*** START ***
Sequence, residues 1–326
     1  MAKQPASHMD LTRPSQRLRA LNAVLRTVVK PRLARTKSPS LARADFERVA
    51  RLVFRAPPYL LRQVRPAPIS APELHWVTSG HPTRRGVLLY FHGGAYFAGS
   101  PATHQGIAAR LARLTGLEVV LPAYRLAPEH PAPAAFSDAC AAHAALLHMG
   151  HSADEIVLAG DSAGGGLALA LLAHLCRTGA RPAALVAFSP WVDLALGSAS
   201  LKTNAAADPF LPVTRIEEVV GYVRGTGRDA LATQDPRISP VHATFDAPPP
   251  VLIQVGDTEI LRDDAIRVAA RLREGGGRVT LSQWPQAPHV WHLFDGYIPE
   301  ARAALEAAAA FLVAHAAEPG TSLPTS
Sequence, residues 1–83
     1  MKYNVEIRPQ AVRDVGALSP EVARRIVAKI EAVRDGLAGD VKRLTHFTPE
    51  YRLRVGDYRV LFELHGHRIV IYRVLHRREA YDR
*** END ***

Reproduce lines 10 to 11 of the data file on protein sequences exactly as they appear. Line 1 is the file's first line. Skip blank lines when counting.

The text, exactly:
     1  MKYNVEIRPQ AVRDVGALSP EVARRIVAKI EAVRDGLAGD VKRLTHFTPE
    51  YRLRVGDYRV LFELHGHRIV IYRVLHRREA YDR